Yesterday morning Ma found two baby green finches on the lawn under the bay tree. They were only just in pin, were really tiny, fluffy exposed bundles with wide open gapes. She put them with some torn up paper in a little, open box under the bay tree. Fed them some ripped up worm, ripe from the composter and left them alone. Mother finch came and fed them. Both parents were seen during the morning coming regularly to the box. In the afternoon they stopped coming!
Next doors cat, sauntered by, he was discouraged.
Every move near their box made little head bob up with gapes wide open. Still the parents didn't return.
M came home. It was a clear evening, cool breeze, setting for a very cool night. M checked them and added some hay to the paper. Still no sign of the parents.
About 9.00pm, we decided that M would climb the bay tree (monkey man) to look for a nest. No nest found - nor in any of the surrounding bushes, trees etc. We looked online at what caring for such small nestlings would entail......massive amounts of time and care. But I couldn't just leave them to die of the cold or to make a tasty feathery snack for Mr Fox -who visits us every night.
Ma had a brainwave.....unusual for her.....but....she did. A local guy R is a well known wildlife rescuer, he once rescued a badger for me that I and a work colleague had found, hit by a car but alive, at the edge of the road. We phoned him. Great guy that he is, said "Bring them straight round." I stayed with J, Ma and M walked round the block to R's house - he took them straight in. They have a far greater chance of survival with him and I could sleep last night.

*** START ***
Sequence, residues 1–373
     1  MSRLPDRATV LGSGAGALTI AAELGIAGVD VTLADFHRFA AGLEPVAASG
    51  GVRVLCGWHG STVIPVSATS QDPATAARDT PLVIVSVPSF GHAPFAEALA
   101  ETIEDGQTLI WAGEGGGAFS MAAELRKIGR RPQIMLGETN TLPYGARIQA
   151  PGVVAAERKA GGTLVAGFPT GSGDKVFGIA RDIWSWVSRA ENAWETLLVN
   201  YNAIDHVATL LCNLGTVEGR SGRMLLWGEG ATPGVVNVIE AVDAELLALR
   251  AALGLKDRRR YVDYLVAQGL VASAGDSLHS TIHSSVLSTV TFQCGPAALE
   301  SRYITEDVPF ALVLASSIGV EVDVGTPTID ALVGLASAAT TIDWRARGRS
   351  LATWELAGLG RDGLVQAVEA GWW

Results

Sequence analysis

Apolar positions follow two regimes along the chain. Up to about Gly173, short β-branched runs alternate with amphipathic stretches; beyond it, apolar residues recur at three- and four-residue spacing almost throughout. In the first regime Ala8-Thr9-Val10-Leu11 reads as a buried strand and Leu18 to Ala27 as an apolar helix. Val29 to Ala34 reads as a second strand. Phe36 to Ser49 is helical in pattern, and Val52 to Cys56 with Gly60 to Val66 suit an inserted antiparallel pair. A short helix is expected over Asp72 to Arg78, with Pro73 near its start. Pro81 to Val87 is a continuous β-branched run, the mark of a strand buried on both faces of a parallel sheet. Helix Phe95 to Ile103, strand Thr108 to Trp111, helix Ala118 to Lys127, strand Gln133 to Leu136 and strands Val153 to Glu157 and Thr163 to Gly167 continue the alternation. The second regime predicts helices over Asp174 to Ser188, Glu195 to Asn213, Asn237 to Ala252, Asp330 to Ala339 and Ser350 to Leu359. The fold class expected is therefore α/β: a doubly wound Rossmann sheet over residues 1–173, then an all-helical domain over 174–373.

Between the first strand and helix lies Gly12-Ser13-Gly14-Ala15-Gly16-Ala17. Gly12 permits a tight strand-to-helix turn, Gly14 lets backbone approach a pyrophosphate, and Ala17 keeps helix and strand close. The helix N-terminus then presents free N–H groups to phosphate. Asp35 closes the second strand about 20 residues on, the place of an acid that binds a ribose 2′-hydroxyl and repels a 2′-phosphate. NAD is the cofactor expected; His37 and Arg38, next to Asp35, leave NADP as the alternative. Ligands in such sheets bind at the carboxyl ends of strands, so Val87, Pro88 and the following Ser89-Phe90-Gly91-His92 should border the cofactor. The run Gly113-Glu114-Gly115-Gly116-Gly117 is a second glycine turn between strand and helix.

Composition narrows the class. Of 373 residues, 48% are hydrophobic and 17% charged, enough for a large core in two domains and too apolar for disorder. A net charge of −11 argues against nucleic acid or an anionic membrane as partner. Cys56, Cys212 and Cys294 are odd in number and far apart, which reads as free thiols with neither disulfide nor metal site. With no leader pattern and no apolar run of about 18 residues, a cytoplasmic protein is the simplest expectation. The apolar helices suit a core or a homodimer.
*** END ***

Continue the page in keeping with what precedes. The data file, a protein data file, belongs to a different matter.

Two things come to mind. Firstly, I know it is better not to interfere with wildlife but these were uninjured, healthy and by the afternoon abandoned as they should be fed at least once every 30 minutes. I am not sentimental about wildlife etc but as Ma had already moved them I felt we couldn't just leave it at that.
Secondly, R doesn't get paid to do what he does. He relies entirely on what he can earn and donations - he gives his whole life to saving local wildlife. He gave us a copy of his newsletter... I quote 'IN AND OUT So far we have had 633 birds in (of which 83 are gull chicks) and released 238. We have also had in 30 foxes, 37 squirrels, 10 rabbits, 16 hedgehogs, 2 badgers, 7 mice, a vole, a weasel and a newt.' - (Fleur Musselle, Roger's Wildlife Rescue News, July 07, issue 41). Aren't we lucky to have such a person in our community. Someone who puts their money where their mouth is. They deserve our utmost respect and thanks for all they do!
******OK soapbox is back in its cupboard*******
Normal knitting and nonsense service will resume shortly :-)